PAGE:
Optics 101

Converting Light into Electricity - How Does a Photovoltaic Cell Work

Introduction to Photovoltaic Cells
Materials Used for the Construction of Photovoltaic Cells
How Silicons are Used to Produce Photovoltaic Cells
Generation of Electric Field Within Photovoltaic Cells
Antireflective Coatings in Photovoltaic Cells

Introduction to Photovoltaic Cells

Photovoltaic cells, more commonly known as solar cells, are found in applications such as calculator and satellites. First used almost exclusively in space, photovoltaic cells are used in more common applications.

In simple terms, photovoltaic cells and devices convert light energy into electrical energy. Photovoltaic cells are available in many different shapes and sizes. When individual photovoltaic cells are joined, they form photovoltaic modules.

Photovoltaic arrays are available in different shape and sizes. However, their sizes are determined by factors like the required power output and the available amount of sunlight where the photovoltaic arrays are located.

Materials Used for the Construction of Photovoltaic Cells

Special materials are used for the construction of photovoltaic cells. These materials are called semiconductors. The most commonly used semiconductor material for the construction of photovoltaic cells is silicon. Several forms of silicon are used for the construction; they are single-crystalline, multi-crystalline and amorphous. Other materials used for the construction of photovoltaic cells are polycrystalline thin films such as copper indium diselenide, cadmium telluride.

How Silicons are Used to Produce Photovoltaic Cells

When light, for example, sunlight, strikes the photovoltaic cell, a certain amount of the light is absorbed, while the rest of the light beam is reflected or passes right through the photovoltaic cell. Only the absorbed light can be used to generate electricity.

Special Chemical properties exist in silicon. This is especially when the silicon is in the crystalline form. When energy, such as light or heat is added to pure silicon, it results in a number of electrons to break free of their bonds and leave their atoms. This results in the generation of a hole in the crystalline lattice. These electrons, known as free carriers, then wander randomly around the crystalline lattice looking for another hole to fall into. These free carriers have the ability to carry an electrical current. Unfortunately, very few of the free carriers are in pure silicon.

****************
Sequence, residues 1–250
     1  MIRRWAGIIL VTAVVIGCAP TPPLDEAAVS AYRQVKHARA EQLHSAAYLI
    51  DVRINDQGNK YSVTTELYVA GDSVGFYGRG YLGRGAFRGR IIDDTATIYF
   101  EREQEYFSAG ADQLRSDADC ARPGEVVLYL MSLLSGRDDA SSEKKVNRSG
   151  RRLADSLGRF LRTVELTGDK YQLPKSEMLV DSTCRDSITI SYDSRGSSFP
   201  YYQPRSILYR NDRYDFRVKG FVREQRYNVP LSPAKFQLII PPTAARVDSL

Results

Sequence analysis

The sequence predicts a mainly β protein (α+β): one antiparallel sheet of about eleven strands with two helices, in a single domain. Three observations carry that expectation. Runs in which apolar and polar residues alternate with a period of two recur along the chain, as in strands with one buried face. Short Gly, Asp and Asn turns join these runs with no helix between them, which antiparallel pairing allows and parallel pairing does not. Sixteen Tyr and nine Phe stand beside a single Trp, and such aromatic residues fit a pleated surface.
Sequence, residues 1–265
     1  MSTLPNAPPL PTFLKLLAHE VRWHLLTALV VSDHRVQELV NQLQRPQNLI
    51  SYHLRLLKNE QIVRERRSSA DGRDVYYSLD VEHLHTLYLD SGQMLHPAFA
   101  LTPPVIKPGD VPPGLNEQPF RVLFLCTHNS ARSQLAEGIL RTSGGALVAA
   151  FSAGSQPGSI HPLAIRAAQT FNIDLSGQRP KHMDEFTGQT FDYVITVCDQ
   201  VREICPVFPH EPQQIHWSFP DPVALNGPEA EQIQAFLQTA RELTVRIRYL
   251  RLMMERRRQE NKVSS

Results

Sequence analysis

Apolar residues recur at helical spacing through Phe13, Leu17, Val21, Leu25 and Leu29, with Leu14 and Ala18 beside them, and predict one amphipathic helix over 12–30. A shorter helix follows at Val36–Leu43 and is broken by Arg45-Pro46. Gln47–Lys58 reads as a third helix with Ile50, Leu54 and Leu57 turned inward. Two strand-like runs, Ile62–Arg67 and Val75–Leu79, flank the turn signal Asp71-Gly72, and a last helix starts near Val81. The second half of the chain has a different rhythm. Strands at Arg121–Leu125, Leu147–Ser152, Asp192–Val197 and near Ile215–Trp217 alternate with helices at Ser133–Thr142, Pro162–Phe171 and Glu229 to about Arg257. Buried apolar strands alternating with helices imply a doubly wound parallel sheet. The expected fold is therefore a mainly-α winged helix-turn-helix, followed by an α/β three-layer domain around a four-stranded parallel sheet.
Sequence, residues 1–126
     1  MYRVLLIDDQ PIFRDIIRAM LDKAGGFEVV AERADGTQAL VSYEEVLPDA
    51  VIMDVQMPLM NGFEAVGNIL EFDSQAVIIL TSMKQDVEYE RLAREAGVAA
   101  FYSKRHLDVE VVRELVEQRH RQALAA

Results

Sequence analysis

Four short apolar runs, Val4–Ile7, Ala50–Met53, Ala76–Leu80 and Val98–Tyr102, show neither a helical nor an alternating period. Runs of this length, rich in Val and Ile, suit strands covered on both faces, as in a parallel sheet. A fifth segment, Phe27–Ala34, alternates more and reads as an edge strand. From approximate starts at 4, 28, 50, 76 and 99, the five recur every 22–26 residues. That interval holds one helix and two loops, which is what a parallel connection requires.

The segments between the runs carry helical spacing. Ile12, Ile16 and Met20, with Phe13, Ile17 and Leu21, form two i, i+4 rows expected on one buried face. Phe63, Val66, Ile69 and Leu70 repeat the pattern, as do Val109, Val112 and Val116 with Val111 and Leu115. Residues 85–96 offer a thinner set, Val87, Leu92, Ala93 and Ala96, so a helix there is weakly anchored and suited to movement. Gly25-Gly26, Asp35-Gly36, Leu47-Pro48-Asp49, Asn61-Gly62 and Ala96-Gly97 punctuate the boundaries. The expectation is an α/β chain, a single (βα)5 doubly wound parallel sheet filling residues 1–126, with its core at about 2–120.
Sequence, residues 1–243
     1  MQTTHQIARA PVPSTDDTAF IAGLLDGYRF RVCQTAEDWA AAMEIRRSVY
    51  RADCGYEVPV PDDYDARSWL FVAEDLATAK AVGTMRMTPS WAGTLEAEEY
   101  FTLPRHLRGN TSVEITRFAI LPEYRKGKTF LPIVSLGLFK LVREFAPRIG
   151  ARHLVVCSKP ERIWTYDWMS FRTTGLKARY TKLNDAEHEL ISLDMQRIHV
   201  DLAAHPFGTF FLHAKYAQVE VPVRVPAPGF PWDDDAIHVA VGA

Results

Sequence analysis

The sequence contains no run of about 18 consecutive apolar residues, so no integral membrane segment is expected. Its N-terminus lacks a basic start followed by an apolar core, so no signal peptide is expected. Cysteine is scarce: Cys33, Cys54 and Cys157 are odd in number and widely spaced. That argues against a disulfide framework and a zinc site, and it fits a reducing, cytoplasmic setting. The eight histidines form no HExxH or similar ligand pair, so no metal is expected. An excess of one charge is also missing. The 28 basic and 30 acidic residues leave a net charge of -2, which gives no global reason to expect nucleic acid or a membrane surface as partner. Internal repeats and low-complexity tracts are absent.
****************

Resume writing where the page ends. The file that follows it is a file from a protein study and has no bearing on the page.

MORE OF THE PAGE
In order for the photovoltaic cells to work, the silicon in a solar cell has been modified slightly.

Generation of Electric Field Within Photovoltaic Cells

To generate an electric field within a photovoltaic cell, two different semiconductor materials are placed in direct contact with each other. The two different semiconductor materials are commonly referred to as N-Type semiconductor and P-type semiconductor materials. The area where the N-type and P-type semiconductor materials meet is referred to as the p/n junction.

The N-type semiconductor is negatively charged and has an abundance of electrons. The P-type semiconductor is positively charged and has a large number of holes in its crystalline lattice.

It is well known that pure silicon is a poor conductor in electricity. A photovoltaic cell has silicon with impurities. When phosphorous atoms mixed in with silicon atoms will take less energy to strike loose one of the extra phosphorus electrons since the phosphorus atoms are not tied in a bond.

This results in a large number of free carriers than compared to pure silicon. The process of adding an additional element of impurities is known as doping. When the silicon is doped with phosphorus, this is known as N-type silicon. Compared to pure silicon, N-type silicon is a much better conductor of electricity.

P-type silicon is manufactured by doping the silicon with chemical elements such as boron. Boron has three electrons rather than four in its outer shell. This results in the silicon having a positive charge.

Excess electrons from the N-type side moves to the P-type side when the two semiconductor materials are placed together. Because of this movement of electrons, a buildup of positive charge can be found along the side where the N-Type silicon is located. On the other hand, a buildup of negative charge can be found along the P-type side.

The electrical field causes the electrons to move towards to the negative side, where they become available to the electrical circuit. At the same time, the holes move in the opposite direction, toward the positive side, where they await incoming electrons. Because of the flow of electrons and holes, the two semiconductors behave like a battery.

Antireflective Coatings in Photovoltaic Cells

Unfortunately, silicon is known to be a very shiny material, hence it is very reflective. As a result, an antireflective coating is applied to the top of the photovoltaic cell since photons that are reflected cannot be used by the photovoltaic cell.

Source: AZoOptics

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